Sometimes, saying magic words like “I’m sorry” isn’t enough. So how to apologize in a meaningful manner? Well, they say that the best apology is changed behavior and below are the steps on how you can achieve it.
Most of us don’t know how to make a real apology. That’s not surprising, because most of us have been taught from early childhood how to give fake apologies.
You probably first learned how to give an apology when you were playing in the sandbox. You bonked the kid next to you on the head with your plastic shovel, and instantly a nearby parent would tell you to “say you’re sorry”. Kids quickly learn that all they have to do is utter the magic words and all would be forgiven. Then you could get back to playing, and if you’re lucky you might even get a juice box.
Just saying “I’m sorry” isn’t enough.
When you are older, and begin to have serious relationships (work, friend, family, or intimate), you can’t help but sometimes hurt the people you’re closest to. It’s unavoidable. My wife and I’ve been together for 41 years, we get along incredibly well, and yet we still occasionally say or do things that hurt the other’s feelings. We can’t help it, we’re human. But we’ve learned, through hard experience, that a real apology goes a long way to repairing an injury.
As adults, we discover that the magic words aren’t helpful anymore; even when you regret your actions with all your heart. In fact, instead of making things better, saying you’re sorry sometimes seems to make everything even worse.
Related: Why Men Struggle To Apologize
The goal of the apology is NOT to get out of trouble or have the other person stop being angry at you. The goal is to mend a rift in your relationship. It’s as if the fabric of your relationship has been torn, and you are trying to sew it back together. To make the repair, you have to craft an apology that is both authentic to you and meaningful to the other person. It’s not enough just to show that you’re sincere when you apologize. The goal is to help mend the rift.
How To Apologize? 5 Steps To A Meaningful Apology
With my Couples Therapy clients, I stress that a meaningful apology has several parts, and each part is important in helping to heal the damage. Here are what I believe are the key steps to an effective apology. But apologies are hard, so I’ve also included the ways that people often unconsciously undermine their apology.
1. I was wrong
You start with a very clear admission that you made a mistake. This is a critical first step that shows you understand that what you did was wrong.
How people undermine this step: They try to justify their actions. They say something like “I didn’t really mean it”, “I said that because of what you did”, or “I was still angry over our last fight”. All these statements tell your partner “It wasn’t my fault”. And when you start an apology by saying it’s not your fault, it’s no longer an apology.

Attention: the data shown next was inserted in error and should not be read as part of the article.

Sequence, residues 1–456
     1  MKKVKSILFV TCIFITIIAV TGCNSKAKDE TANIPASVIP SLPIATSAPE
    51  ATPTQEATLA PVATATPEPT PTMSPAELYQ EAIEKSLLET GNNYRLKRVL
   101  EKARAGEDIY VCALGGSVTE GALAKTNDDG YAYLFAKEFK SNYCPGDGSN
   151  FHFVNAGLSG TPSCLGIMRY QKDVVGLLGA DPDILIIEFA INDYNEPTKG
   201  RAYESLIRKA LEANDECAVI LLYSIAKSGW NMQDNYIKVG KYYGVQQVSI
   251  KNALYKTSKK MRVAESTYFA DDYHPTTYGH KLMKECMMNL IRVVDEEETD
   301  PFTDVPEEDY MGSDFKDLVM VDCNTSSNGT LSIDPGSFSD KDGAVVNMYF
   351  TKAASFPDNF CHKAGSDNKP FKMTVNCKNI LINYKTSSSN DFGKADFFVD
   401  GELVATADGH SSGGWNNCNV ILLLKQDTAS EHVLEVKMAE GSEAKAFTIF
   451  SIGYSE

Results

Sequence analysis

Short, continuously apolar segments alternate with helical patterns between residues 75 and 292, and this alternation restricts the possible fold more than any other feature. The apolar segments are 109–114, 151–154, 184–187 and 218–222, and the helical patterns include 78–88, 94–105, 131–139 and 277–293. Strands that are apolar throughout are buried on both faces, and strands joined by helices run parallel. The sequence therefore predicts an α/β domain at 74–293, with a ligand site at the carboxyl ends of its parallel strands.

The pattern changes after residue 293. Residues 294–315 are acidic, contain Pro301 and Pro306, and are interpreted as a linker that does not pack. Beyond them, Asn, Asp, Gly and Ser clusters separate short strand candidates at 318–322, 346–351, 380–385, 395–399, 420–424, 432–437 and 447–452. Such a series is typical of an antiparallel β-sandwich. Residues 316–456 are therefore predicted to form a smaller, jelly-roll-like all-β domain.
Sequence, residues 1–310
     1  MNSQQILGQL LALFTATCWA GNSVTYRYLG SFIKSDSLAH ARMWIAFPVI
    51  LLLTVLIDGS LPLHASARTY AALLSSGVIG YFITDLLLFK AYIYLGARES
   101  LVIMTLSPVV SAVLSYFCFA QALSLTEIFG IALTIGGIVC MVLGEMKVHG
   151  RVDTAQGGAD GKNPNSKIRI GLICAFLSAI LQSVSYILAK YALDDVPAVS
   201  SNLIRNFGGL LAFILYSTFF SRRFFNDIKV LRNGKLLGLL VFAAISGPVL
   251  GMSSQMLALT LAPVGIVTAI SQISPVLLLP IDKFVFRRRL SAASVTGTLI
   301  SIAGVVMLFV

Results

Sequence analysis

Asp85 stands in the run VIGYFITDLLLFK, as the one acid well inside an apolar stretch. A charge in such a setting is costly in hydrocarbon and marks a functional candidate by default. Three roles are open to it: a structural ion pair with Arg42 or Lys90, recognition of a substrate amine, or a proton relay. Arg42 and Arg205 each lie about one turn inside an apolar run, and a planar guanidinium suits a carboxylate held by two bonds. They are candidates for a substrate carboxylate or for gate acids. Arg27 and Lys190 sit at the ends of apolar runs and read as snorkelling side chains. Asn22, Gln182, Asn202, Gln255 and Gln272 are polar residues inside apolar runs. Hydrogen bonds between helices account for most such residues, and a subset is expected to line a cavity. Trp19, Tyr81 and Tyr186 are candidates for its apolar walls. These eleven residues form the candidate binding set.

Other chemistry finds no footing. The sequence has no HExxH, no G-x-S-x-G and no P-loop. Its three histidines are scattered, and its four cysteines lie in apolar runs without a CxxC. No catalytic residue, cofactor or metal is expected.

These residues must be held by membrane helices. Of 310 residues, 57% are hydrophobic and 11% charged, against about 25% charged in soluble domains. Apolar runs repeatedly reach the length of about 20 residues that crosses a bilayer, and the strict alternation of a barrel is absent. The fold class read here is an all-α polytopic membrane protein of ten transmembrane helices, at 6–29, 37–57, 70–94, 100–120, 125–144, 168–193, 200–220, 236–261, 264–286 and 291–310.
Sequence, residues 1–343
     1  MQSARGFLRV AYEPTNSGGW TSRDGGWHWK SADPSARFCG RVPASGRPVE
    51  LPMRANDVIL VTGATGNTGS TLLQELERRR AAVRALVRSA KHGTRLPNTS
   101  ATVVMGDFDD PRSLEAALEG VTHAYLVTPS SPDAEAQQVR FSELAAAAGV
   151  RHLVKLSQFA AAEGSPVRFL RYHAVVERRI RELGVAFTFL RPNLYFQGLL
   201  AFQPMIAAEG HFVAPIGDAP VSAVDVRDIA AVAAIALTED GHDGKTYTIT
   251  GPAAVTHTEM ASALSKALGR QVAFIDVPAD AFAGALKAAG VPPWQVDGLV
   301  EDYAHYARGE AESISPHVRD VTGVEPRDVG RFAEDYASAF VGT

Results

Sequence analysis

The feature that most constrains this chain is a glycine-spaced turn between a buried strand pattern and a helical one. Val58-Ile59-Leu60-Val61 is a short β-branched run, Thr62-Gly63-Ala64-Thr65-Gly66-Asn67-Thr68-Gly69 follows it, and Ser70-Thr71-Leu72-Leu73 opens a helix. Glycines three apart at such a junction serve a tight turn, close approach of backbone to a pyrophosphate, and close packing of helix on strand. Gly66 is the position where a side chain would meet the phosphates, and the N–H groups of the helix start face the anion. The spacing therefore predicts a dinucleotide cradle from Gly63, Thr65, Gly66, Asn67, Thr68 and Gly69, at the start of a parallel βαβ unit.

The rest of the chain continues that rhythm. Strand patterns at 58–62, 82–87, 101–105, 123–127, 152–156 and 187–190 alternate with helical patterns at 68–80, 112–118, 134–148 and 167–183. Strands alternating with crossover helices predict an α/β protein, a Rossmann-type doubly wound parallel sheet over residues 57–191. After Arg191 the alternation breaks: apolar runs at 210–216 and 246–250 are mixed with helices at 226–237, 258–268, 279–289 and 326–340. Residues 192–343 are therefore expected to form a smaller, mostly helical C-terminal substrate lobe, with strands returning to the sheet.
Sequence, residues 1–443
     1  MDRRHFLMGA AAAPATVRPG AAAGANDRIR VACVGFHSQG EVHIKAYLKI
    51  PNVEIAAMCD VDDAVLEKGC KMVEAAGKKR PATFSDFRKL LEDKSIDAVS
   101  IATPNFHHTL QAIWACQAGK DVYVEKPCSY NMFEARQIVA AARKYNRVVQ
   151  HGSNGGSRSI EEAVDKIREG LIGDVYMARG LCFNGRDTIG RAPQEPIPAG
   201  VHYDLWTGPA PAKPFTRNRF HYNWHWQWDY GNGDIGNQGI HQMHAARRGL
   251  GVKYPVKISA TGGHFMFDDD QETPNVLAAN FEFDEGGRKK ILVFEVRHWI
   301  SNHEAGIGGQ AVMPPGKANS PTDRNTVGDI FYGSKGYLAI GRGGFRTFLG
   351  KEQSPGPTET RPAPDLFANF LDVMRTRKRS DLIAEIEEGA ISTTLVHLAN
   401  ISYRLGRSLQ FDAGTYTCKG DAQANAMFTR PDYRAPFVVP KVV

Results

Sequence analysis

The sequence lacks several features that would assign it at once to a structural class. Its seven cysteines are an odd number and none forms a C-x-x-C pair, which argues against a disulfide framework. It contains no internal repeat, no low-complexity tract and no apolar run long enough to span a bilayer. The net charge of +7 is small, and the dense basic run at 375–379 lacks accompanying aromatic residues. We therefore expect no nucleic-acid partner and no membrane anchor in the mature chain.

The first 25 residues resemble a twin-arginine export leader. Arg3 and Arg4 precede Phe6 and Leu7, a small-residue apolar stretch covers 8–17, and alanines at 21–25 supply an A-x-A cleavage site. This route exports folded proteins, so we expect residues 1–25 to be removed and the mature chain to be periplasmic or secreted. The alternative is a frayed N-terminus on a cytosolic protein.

2. I see that I hurt you
Let them know that you see that your actions hurt them and that you don’t blame them for being upset.
How people undermine this step: It’s very painful when you hurt your partner, so people naturally try to minimize the impact of what they’ve done. People say things like “You’re overreacting” or “It wasn’t that bad” or “Your too sensitive”.
These are just ways people try and shift some of the blame to the partner. It is essentially saying “it’s your own fault for feeling hurt”.
3. I understand how you feel
Showing empathy for your partner is an important part of any apology. You show empathy by demonstrating that you can see things through their eyes and connect with how they feel hurt.
How people undermine this step: People argue about how their partner is interpreting what happened. Instead of trying to see it through their eyes, they try to convince their partner that they’re wrong.
They say things like “You shouldn’t feel like that”, “I wasn’t trying to hurt you”, or “You always twist things around”. Again, this is telling them they’re wrong to be upset. Not a good strategy.
4. I feel _______ (fill in the blank).
Along with showing that you understand how they feel, you need to communicate the pain that you experience when you see the hurt that you’ve caused them. For example, “I feel horrible when I see the pain that I’ve caused you”.
How people undermine this step: 1. They make it about their pain and take the focus off the injured partner. 2. They turn it into a play for sympathy from their partner. 3. They blame their partner for “making them feel bad”.
5. I won’t do it again
Make it clear that you’ve learned from this experience and that you are making a committed effort to not repeat your behavior. You don’t have to be perfect, but you have to make it clear that you’re really trying to change.
How people undermine this step: People make empty promises just as a way of appeasing their partner. But they don’t really make a sincere effort to change. Then, when they repeat the same action, the damage is much worse because now the partner is dealing with the pain of what happened and a feeling of betrayal. They feel like they must not be very important if their partner won’t even try to change.
A real apology creates a feeling of safety
It’s important to remember that your apology is an effort to restore your partner’s feeling of safety and trust in the relationship. When you hurt your partner, it makes him/her feel like it’s not safe to be with you. The apology is your effort to prove that you can and will take care of them. You are telling them that it’s important to you that they are safe.
This article was originally published on my blog: 5 Steps to a real apology.
We hope you make things right by these steps to a real apology. Let us know what your thoughts are in the comments below!
Written by: Jacob Brown Originally published on: Therapy, Adults, Seniors & Couples